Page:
People offers prayers after Markazi Ruyat E Hilaal Committee Sadar Majlis Ulema E Deccan Ka Elaan announced the sighting the crescent moon in back drop of historic Makkah Masjid in old city of Hyderabad on Saturday. (DC photo)
Hyderabad: Sirens from mosques went off after dusk on Saturday, marking the beginning of the holy month of Ramzan which will be very different from what it was for two years during the pandemic.
As soon as the siren was heard, Muslims rushed to wish each other with greetings of 'Ramzan Mubarak'.
Moments earlier, the Central Ruiyat-e-Hilal Committee announced that as the crescent was sighted in many parts of the country, the holy month of Ramzan had begun on Saturday and the first Roza or fasting would be observed on April 3 (Sunday).
After a gap of two years, which witnessed Covid pandemic, Taraweeh prayers are being organised in all mosques in Hyderabad and other parts of the Telugu States.
Over 2,500 Muslim men along with their children, clad in white traditional kurta pyjamas with religious caps, gathered at the Mecca Masjid, eager to perform Tarabi Namaz from 8.40 pm to 10 pm. The masjid was illuminated with colourful lights and fresh mats were laid at prayer halls for the devotees.
From Sunday onwards, as part of the holy month of Ramzan, Muslims will fast during the day and special prayers will be held. Id-ul-Fitr will be celebrated at the end of this month, depending on the sighting of the moon.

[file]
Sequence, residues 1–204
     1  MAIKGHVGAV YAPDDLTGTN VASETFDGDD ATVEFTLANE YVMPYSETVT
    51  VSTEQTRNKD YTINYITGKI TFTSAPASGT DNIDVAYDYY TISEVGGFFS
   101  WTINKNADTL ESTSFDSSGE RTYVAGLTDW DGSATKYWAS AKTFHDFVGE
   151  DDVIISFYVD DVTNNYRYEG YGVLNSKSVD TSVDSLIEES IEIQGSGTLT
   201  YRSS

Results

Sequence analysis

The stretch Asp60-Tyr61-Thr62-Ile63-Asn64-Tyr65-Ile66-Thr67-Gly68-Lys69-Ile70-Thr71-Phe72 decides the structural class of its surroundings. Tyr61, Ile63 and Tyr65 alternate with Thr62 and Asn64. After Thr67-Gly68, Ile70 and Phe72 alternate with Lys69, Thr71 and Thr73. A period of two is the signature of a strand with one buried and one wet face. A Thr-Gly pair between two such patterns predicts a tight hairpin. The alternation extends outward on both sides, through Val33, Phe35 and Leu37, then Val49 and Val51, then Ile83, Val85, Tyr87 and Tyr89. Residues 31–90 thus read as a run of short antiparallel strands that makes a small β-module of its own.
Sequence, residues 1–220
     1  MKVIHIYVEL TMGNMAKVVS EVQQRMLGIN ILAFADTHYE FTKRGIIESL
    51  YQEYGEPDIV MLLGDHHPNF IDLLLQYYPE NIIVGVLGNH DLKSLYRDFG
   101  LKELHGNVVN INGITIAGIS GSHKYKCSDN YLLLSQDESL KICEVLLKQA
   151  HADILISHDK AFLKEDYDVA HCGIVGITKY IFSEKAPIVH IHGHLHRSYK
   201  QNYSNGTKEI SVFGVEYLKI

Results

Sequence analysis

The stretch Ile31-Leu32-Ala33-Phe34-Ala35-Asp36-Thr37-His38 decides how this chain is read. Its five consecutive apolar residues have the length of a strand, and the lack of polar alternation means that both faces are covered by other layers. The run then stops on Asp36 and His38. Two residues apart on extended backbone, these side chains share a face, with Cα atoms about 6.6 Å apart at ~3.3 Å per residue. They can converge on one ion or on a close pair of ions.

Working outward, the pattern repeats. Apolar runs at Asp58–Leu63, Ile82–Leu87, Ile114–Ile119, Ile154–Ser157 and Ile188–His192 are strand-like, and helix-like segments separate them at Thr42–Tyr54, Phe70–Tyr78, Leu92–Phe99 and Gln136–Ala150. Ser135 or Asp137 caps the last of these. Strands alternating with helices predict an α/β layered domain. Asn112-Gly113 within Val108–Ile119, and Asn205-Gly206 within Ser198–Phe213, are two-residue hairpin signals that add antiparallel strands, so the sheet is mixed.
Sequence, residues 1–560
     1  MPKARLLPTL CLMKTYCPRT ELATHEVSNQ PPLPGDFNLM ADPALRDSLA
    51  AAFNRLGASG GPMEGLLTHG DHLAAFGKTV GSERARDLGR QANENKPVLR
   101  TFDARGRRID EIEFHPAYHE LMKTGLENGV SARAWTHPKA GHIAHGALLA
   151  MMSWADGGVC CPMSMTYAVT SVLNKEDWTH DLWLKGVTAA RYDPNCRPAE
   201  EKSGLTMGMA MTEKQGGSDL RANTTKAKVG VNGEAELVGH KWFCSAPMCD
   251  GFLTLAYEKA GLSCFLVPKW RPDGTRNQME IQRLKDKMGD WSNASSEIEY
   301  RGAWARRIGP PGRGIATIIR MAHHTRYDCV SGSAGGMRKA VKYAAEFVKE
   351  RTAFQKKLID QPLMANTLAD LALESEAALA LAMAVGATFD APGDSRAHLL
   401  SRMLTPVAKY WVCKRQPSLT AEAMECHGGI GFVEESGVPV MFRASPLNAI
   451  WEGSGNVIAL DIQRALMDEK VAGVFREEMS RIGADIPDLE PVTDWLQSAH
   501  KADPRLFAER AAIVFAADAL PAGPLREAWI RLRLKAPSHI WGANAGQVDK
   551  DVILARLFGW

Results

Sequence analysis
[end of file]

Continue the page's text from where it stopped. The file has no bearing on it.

Macca Masjid's superintendent Abdul Quadeer Siddiqui said, "During this holy month, the Macca masjid is open round the clock for prayers. 'Taraweeh,' which are special prayers led by Moulana Hafez Rizwan Qurashi, will be held each day after 9 pm at the masjid."
After the sirens were heard, as part of preparations, people were seen shopping for dates, fruits and food items all over the city, especially near Charminar. At Gulzar Houz, Pathergatti and Lad Bazaar, people, especially women, flocked to mehendi shops.
At the Murgi Chowk chicken market, chicken was sold out and its additional supply had to be arranged.
"We will fast during the entire month and not miss it for a single day, or even a single prayer. My elder son and I, will first thank Allah for giving us the opportunity to celebrate Ramzan in this way after two years of the pandemic, and pray for all the people from all the communities who have lost their lives," said Sharyar Khan, a citizen.
"Ramzan is the ninth month of the Islamic calendar and lasts 720 hours over four weeks and two days, during which the followers of Islam fast between dawn and sunset, pray for peace and guidance," said Mohammed Abdul Ismial, Sadar of Jamia Amina Masjid.
Apart from fasting, `Zakaat' plays a major role for Muslims as per which they share a part of their earnings with the poor and needy, he said.